Simply Saira

Everything you were itching to ask a super model


She’s been splashed across the cover of Newsweek as “The Perfect Face.” An intriguing blend of ethnicities, hers is the face of a global world, where cultural and geographical boundaries are blurred. Indeed, this is the face – and body – that’s launched scores of fashion shows and products, and been splashed across the pages of magazines from Vogue to GQ. She’s also listed in Maxim’s top 100 models of the world.


Meet Saira Mohan – 5 feet 10.5 inches tall, an enticing blend of French-Irish-Canadian and Punjabi blood – and drop dead gorgeous. An Elite model since she was just 13 years old, Saira has made millions – a day’s shoot can net her anywhere from $5,000 to $100,000. She’s modeled for all the major couture houses from Chanel to Valentino.

But aren’t supermodels supposed to be glamorous clotheshorses with few gray cells? Well, surprise, surprise. Saira Mohan is not only a stunner, she has a brain, a beautiful mind and a warm heart, not to mention a very spiritual soul. She paints, is an avid photographer, manages stocks and is pursuing a degree in entrepreneurship in business.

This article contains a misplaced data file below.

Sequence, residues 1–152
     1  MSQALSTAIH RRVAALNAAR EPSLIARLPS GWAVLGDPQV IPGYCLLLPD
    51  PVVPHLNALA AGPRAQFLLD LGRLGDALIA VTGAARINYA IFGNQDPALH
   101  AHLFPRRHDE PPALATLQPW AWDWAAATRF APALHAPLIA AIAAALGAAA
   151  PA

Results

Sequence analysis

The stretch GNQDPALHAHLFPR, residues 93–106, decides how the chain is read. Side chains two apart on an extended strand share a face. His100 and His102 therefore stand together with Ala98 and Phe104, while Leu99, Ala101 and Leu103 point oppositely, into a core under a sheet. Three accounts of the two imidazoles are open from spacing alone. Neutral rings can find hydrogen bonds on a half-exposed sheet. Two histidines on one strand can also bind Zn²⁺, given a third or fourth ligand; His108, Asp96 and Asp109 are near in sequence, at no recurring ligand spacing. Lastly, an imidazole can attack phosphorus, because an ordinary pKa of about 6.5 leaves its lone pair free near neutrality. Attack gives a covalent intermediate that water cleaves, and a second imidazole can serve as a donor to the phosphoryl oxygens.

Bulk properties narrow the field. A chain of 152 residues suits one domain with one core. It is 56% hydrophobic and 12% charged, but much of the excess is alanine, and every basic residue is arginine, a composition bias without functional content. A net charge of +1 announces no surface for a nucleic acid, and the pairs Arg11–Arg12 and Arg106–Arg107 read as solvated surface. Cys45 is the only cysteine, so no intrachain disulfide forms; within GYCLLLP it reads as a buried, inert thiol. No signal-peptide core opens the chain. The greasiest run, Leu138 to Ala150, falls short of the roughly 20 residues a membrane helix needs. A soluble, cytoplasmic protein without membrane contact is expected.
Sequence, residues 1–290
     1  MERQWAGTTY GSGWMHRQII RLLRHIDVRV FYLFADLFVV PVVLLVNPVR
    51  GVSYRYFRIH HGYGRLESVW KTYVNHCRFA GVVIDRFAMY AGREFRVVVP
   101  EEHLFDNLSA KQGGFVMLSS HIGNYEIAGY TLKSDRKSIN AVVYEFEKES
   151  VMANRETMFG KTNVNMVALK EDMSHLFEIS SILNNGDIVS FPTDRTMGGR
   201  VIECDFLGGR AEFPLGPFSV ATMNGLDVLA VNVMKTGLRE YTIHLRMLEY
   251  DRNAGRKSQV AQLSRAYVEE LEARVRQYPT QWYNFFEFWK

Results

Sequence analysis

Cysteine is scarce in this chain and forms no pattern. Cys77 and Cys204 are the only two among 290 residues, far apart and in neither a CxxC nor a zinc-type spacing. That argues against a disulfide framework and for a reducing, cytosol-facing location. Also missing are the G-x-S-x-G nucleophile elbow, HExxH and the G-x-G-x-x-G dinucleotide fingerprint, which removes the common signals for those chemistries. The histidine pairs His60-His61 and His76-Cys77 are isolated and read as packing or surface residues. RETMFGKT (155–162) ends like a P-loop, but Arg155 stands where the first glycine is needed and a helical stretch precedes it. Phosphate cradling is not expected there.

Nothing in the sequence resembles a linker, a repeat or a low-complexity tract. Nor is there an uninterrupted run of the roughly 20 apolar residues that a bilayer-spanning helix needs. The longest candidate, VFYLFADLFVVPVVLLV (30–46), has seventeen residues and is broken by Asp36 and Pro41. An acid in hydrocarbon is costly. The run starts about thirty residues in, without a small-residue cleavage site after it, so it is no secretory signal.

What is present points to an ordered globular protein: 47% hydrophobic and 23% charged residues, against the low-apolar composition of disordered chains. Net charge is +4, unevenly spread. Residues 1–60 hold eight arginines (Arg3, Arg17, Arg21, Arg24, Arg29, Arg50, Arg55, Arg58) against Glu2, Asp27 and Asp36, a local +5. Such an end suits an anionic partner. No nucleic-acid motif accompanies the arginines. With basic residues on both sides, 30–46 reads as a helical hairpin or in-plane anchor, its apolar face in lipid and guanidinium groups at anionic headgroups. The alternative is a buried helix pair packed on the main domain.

She’s very happily married to Christopher Cooper, who heads an investment firm, and from their experiences she’s written How to Seduce (and Marry) the Woman of my Dreams, an e-book about relationships that has sold well and garnered her a fan following. In fact she regularly answers and solves problems posed by young people on her website,

Saira, who has homes in Los Angeles and Chicago, really lives on an airplane. She manages to juxtapose her many roles and into the crazy mix of photo shoots and airplane rides, she’s added the role of new mother. Her son Roman is 14 months old and the center of her universe. At 27, she’s got larger plans for the rest of her life for she’s a homegrown philosopher who believes in making the most of one’s time on earth by touching other people’s lives in special ways.

Read on to see what makes Saira Mohan tick, as she talks with Little India about the real life of a supermodel.

Your list of clients reads like a who’s who – Calvin Klein, Emmanuel Ungaro, Victoria’s Secret, Mercedes 500SL, L’Oreal, Oil of Olay, Neiman Marcus, to name just a few. What’s the secret?


After 15 years in the business it’s pretty much everyone that’s been written about, or you’ve seen advertised I’ve worked for at one point or another in my career. The fashion world, like any job when you’re in it and it’s your world; it really is such a small world. The people that have lasted through the years and been around for a while, they all know each other. You tend to hire the people you enjoy and I’ve luckily been very likeable, I guess, to work with in the past. Which is why my career has lasted so long, where people just like to rehire me because they know we’ll laugh and have a good time and it won’t be too stressful and we’ll make the best of it.

Are there any fun figures that I could give to make everyone’s eyes pop out. The kind of money you might have got for one shoot?